Federal Way parents say kids are flunking classes due to new grading system

FEDERAL WAY -- It’s a controversial new grading system that is causing a lot of anger. The Federal Way School District in September scrapped letter grades; now they are measuring achievement through a number system.

Parents and students are beyond upset. They call it complicated and unfair and even kids who are normally straight “A” students say their academic future is in jeopardy.

Todd Beamer High senior Megan Anderson says she usually gets A's in her classes but this year she has no idea how she is doing.

“It’s hard to know at this point,” Anderson said.

Instead of A’s or F’s, it’s now 4’s and 1’s.

“The way the numbers fall, if they start off really well and they have 4,4,4,4 and they have a bad day and get a 2, it’s done -- they cannot get higher than a C for the rest of the semester,” parent Carrie Newcombe said.

The new grading system tracks a student’s progress throughout the year and no longer allows test scores to be averaged. Parents say it’s causing their kids to flunk.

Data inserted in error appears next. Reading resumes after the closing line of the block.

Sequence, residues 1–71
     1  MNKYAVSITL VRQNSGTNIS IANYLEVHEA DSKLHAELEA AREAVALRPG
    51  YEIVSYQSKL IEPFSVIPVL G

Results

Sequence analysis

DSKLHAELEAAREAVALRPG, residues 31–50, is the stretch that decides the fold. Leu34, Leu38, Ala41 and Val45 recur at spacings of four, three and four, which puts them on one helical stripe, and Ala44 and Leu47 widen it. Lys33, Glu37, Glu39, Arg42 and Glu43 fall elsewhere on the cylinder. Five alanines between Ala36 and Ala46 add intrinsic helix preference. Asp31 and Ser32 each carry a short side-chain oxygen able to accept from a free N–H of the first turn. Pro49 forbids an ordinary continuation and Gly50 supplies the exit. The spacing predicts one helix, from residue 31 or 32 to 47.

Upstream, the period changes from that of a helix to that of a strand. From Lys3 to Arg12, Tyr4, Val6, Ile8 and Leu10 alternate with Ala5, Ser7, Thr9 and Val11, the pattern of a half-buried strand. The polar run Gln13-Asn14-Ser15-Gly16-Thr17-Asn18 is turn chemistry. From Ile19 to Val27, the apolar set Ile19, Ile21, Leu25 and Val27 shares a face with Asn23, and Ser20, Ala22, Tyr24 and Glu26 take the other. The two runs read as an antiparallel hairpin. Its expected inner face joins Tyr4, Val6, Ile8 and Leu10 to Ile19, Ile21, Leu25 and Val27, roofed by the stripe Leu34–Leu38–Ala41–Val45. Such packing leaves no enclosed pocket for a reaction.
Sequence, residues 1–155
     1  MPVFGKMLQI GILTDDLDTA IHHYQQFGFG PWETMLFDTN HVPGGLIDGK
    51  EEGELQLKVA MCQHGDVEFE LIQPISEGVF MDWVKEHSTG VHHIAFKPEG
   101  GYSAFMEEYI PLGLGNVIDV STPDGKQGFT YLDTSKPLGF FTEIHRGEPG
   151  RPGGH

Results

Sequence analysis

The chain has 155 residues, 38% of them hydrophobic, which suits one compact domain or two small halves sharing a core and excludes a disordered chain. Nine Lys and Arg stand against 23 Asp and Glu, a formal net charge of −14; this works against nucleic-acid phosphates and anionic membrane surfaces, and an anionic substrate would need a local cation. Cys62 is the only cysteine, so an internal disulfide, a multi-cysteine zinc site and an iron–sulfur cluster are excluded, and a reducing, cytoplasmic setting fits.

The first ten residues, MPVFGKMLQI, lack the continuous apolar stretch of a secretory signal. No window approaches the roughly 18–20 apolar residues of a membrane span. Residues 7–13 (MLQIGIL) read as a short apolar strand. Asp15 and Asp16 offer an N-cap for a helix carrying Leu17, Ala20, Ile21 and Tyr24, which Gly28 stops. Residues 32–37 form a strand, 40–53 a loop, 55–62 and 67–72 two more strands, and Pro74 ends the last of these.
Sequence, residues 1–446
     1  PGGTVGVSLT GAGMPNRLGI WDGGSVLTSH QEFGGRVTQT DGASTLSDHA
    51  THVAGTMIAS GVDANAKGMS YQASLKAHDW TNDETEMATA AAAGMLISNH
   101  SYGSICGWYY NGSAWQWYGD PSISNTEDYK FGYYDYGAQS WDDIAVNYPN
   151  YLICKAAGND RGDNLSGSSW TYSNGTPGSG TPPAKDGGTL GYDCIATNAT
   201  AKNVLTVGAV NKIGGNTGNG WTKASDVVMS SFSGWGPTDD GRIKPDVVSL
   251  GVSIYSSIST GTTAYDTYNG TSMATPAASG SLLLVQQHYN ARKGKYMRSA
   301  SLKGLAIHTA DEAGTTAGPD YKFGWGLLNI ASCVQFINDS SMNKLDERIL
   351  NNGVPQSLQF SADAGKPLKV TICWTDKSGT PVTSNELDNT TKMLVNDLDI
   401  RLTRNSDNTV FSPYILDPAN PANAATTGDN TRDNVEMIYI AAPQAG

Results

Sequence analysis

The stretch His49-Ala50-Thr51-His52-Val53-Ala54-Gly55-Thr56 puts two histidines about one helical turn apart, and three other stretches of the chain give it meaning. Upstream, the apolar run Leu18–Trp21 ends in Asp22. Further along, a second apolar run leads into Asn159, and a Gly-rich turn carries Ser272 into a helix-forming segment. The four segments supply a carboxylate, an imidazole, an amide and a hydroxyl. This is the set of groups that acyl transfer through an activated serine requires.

“In one of his classes he has a 4, 4, 1, 3, 2, 4, 4; his grade is an F so I don’t know how that equates. If you average it out it’s a 3.1,” parent Camille Perry said.

Marie Verhaar with Federal Way Public Schools says the old grading system was often subjective and failed to pinpoint areas of need.

“In the days of old when we gave an 80%, it wasn’t always clear what 20% of that information the student did not know,” Verhaar said.

They say the new 4 to 1 grading system comes with specific target areas.

“Teachers are designing their assignments, designing their instructions in their assignments around those standards,” Verhaar said.

But parents and students say those standards are unrealistic.

“It was a huge mistake on the district,” Newcombe said.

“They have good intentions but the way it’s actually implemented with the numbers doesn’t play out as it needs to,” Federal Way High junior Daanish Khazi said.

“There are many children that will suffer irreparably,” parent Cristi Frederickson-Willis said.

The school district says a year and a half worth of research is behind their decision to change the grading system. Anderson just hopes it won’t affect her chances of getting into her dream college.

“Applying to college is stressful enough, and (now) having to worry about one more thing,” Anderson said.

The school district says it is listening to the concerns and it is in the process of sending out surveys. Many parents say that is not enough, they want the new grading system to stop and to stop now.